Trade Rumors: What if Halak/Price Move?

Updated: June 10, 2010 at 11:38 am by Alexander Monaghan

No need for links, one of these goalies needs to go.

For the sake of playing time, cap-ology and most of all because Jaroslav Halak beat both the Pittsburgh Penguins and Washington Capitals almost singlehandedly.  He simply will not be a backup any longer and is considered a top five goaltender league wide.

We also all know the story by now.  The Montreal Canadiens took Carey Price as the goalie of their future with their 5th overall pick in 2005. He then would go on to win the WHL and CHL goalie of the year before moving on to Hamilton and winning the Calder Cup.  In short, the kid defines pedigree.

Halak, on the other hand, was selected by the Habs in the 9th round of the 2003 draft.  In other words, the Habs expected little to nothing from their pick.  They did not include him in their plans until he made them by standing on his head almost every night.

While goalies like Evgeni Nabokov and Marc Andre Fleury fail to play well for excellent teams, Halak carried his team beyond their wildest expectations.

So this backstory leads us to our next burning questions (followed by our bold fantasy analysis).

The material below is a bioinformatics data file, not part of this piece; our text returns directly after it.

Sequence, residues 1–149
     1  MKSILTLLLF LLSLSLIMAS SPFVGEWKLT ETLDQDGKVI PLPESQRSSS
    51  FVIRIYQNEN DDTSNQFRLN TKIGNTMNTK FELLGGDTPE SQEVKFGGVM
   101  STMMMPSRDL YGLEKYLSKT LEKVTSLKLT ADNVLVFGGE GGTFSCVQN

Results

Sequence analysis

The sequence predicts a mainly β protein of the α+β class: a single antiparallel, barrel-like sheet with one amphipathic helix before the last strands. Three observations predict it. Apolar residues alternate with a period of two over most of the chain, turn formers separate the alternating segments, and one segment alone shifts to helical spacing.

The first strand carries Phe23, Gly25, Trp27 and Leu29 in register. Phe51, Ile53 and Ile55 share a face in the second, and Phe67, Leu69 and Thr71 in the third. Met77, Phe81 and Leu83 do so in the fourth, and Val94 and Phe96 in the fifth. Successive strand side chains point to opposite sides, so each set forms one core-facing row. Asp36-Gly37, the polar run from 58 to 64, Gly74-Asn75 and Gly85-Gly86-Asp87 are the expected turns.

If Halak were moved, how would he do?

It would be hard to imagine him facing more shots on a contending team like Philadelphia or San Jose.  He appears to be the netminder who will work on any team as he basically showed during the Olympic games.

Verdict:  If Halak moves to any other team, fantasy owners will still win owning him.

If Price were moved, how would he do?

If he stays he better enjoy his view from the bench.  With a netminder the caliber of Halak, a goalie rotation clearly would not be beneficial to either party.  Although Bob Gainey probably will fetch more by dangling his Slovak, he would be foolish to move a player so special.  Price cannot have a lower fantasy value by staying with the Habs.

Verdict:  The only loser in this situation is the goalie Price would replace.

Bob Gainey, Carey Price, Evgeni Nabokov, Jaroslav Halak, Marc-Andre Fleury, Montreal Canadiens